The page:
When Innocence Is Resurrected through Painful Times in Lord of the Flies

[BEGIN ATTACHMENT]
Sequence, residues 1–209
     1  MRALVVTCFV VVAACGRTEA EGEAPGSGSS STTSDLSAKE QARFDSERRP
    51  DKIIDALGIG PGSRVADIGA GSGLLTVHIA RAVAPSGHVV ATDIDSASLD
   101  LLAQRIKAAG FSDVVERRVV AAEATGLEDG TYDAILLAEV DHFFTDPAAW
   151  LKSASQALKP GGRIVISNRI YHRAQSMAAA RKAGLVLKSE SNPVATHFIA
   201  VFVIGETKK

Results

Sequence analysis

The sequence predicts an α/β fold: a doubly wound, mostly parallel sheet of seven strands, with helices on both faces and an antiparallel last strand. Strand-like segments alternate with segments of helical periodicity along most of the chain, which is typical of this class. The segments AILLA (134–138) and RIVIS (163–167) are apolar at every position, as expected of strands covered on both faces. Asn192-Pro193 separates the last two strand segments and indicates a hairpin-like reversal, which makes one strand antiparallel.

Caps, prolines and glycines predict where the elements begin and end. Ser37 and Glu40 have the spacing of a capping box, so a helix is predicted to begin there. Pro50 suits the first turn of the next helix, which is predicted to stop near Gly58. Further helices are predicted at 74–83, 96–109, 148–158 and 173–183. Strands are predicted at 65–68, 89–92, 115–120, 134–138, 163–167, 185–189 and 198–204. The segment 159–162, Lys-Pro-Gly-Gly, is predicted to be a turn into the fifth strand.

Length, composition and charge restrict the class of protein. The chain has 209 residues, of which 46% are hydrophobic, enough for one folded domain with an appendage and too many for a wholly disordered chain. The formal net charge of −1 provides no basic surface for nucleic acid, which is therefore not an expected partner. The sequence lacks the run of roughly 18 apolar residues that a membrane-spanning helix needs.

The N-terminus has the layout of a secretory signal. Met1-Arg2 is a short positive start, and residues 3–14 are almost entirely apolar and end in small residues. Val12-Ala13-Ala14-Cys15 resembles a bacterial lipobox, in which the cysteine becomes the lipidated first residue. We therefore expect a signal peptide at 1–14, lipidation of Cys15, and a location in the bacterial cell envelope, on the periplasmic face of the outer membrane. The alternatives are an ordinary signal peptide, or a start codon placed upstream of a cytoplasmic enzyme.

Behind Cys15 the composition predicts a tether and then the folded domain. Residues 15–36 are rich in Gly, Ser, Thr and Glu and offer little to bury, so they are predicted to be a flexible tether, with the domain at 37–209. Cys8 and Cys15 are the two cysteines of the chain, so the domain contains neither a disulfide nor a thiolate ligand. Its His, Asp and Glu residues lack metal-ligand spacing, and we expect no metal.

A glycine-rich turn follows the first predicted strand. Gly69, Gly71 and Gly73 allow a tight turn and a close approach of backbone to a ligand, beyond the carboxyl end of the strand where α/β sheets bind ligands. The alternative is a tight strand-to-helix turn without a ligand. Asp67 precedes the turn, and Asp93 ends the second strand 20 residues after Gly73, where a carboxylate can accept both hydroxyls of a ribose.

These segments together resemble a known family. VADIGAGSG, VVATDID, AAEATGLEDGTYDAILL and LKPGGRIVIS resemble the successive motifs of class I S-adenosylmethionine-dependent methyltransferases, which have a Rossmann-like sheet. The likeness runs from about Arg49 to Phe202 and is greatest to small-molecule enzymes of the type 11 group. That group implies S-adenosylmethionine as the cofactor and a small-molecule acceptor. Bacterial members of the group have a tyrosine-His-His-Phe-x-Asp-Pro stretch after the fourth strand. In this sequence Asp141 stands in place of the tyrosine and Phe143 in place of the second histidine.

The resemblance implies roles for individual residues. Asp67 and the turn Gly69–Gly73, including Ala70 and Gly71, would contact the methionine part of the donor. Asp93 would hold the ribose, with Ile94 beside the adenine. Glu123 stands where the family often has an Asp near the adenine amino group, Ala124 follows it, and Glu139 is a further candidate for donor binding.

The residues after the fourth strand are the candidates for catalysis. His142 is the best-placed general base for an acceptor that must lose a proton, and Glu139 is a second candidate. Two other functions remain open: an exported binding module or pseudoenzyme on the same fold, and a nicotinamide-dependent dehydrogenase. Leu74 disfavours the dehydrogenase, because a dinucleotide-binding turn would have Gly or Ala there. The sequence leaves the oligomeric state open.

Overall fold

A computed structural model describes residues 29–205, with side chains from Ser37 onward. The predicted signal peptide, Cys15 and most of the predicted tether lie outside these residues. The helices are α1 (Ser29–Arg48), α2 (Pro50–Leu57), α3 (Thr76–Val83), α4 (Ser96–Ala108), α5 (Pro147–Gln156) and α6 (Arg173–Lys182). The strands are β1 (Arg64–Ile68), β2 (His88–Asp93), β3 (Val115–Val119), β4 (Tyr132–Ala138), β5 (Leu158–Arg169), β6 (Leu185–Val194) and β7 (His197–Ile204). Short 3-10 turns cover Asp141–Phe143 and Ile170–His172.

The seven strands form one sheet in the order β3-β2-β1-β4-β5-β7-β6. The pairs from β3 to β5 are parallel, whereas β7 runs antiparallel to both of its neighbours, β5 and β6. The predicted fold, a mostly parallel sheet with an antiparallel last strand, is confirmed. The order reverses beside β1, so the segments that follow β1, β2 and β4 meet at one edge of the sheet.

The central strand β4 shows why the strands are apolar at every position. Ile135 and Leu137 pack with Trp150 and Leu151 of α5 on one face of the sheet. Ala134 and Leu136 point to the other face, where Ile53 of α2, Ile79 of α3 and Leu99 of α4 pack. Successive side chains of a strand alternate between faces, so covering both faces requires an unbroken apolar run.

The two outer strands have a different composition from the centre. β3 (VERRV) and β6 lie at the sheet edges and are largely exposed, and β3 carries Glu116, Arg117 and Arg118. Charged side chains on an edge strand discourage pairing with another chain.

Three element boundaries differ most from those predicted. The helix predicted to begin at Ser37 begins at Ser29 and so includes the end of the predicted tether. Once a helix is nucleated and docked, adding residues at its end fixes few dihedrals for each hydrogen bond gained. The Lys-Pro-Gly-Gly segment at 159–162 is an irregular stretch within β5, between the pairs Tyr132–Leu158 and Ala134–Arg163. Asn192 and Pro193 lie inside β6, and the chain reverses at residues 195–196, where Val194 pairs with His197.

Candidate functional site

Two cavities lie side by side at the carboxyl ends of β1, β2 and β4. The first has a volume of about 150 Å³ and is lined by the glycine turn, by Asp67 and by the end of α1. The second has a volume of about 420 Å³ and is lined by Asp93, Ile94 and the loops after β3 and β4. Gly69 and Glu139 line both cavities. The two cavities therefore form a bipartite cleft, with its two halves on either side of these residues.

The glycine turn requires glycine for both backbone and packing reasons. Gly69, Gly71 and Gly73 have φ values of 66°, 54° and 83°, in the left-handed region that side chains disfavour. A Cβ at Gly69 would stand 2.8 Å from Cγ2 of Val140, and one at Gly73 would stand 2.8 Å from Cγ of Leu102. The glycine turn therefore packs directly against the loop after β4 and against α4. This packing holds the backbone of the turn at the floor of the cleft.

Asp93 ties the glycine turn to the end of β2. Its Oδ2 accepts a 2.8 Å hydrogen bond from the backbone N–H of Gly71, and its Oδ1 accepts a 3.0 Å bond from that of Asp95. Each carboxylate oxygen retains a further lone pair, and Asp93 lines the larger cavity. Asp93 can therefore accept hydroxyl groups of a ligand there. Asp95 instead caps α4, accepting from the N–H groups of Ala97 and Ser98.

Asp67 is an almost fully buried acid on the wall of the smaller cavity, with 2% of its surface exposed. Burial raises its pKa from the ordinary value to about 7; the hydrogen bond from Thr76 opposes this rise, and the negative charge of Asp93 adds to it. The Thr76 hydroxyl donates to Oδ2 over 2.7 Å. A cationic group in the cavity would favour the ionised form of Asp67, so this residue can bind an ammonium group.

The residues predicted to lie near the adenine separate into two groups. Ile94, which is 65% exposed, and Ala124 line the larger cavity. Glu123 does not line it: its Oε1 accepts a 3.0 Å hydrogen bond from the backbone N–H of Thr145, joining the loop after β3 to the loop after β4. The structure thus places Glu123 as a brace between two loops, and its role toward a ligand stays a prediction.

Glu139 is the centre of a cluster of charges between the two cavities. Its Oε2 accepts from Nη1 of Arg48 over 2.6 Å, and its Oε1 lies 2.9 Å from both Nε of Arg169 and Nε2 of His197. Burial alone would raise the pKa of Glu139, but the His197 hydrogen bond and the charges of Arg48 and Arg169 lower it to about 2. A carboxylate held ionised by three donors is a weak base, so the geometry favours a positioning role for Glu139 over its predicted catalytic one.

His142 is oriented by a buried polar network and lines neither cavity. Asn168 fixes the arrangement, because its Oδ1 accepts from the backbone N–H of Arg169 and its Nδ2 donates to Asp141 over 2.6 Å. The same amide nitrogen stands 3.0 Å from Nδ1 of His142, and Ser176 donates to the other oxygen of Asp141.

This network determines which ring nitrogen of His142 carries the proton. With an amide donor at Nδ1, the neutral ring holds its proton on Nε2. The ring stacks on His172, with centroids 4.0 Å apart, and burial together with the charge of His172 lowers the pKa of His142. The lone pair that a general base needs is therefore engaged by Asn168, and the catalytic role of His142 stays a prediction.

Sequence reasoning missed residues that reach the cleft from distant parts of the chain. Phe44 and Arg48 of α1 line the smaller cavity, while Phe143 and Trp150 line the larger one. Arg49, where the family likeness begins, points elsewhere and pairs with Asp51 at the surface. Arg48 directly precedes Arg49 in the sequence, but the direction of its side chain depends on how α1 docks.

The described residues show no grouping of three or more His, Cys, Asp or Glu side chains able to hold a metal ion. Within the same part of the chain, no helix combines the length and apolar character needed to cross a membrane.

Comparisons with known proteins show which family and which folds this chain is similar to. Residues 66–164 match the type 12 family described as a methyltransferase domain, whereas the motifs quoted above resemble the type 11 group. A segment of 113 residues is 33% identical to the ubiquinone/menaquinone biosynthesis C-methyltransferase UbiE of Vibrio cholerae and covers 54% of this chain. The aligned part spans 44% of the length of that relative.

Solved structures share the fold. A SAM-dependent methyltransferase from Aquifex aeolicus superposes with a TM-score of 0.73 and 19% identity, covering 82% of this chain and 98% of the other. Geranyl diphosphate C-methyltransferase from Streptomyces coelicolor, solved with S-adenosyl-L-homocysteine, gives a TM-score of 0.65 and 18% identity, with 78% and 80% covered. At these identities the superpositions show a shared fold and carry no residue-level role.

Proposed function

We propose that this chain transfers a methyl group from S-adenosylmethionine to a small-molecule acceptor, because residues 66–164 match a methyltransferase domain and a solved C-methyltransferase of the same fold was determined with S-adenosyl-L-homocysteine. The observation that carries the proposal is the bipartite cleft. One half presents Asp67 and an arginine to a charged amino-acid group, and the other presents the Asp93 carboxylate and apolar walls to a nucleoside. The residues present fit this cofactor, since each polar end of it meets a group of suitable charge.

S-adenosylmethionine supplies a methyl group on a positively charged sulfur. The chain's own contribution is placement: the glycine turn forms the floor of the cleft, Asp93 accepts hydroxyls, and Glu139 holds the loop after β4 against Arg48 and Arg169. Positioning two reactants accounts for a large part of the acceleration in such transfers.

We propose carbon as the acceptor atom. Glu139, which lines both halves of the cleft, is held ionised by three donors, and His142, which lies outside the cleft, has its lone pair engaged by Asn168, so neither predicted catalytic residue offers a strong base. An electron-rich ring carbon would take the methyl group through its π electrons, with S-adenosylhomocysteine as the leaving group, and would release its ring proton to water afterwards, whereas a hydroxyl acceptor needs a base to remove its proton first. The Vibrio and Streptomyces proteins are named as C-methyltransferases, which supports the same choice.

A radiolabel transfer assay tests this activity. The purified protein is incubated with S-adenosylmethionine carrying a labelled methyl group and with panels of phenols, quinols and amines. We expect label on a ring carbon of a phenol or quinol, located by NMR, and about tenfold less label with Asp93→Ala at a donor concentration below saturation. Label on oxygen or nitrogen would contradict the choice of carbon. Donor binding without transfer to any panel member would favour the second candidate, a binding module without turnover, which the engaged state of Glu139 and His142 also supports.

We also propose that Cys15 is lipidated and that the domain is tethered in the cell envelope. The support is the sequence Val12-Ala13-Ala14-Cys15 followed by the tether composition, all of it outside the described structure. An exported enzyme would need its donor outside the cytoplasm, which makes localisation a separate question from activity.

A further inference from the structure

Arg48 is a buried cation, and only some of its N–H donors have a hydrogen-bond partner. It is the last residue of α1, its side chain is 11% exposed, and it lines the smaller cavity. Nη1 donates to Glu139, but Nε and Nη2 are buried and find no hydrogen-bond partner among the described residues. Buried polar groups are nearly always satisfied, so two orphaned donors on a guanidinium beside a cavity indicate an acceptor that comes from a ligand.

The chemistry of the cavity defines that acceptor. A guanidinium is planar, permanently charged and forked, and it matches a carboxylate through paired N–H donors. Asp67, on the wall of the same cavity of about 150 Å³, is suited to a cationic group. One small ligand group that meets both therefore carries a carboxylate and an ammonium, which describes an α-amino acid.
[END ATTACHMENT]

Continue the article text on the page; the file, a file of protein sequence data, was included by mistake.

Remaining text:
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When Innocence is Ressurected through Painful Times in Lord of the Flies “Only through experience of trial and suffering can the soul be strengthened, ambition inspired and success achieved” (Helen Keller). In the novel Lord of the Flies by William Golding Simon, the innocent one, is challenged by being put through extreme hardship and torture. He is constantly put through events that degrade and diminish him mentally and physically. Even though Simon is innocent and quiet he still goes through a great deal of misery. Simon is a seen as bizarre and odd to the other boys leading to him getting picked on but does not give in. Despite all the pain as well as the suffering Simon still keeps a strong mind in attempt to achieve success. Simon is put to trial when asked to speak about the beast. When a commotion breaks about the beast Simon reluctantly decides to take part in the conversation showing his strength even though he feels that speaking is a last option: Simon felt a perilous necessity to speak; but to speak in assembly was a terrible thing to him. ‘Maybe,’ he said hesitantly, ‘maybe there is a beast.’ The assembly cried out savagely and Ralph stood up in amazement. ‘You, Simon? You believe in this?’ ‘I don’t know’ said Simon. His heartbeats were choking him ‘But…’ The storm broke. (95/96) Simon pauses and hesitates several times showing that he is suffering but still tries to push through the impatient and barbaric like crowd when he speaks showing his desire to

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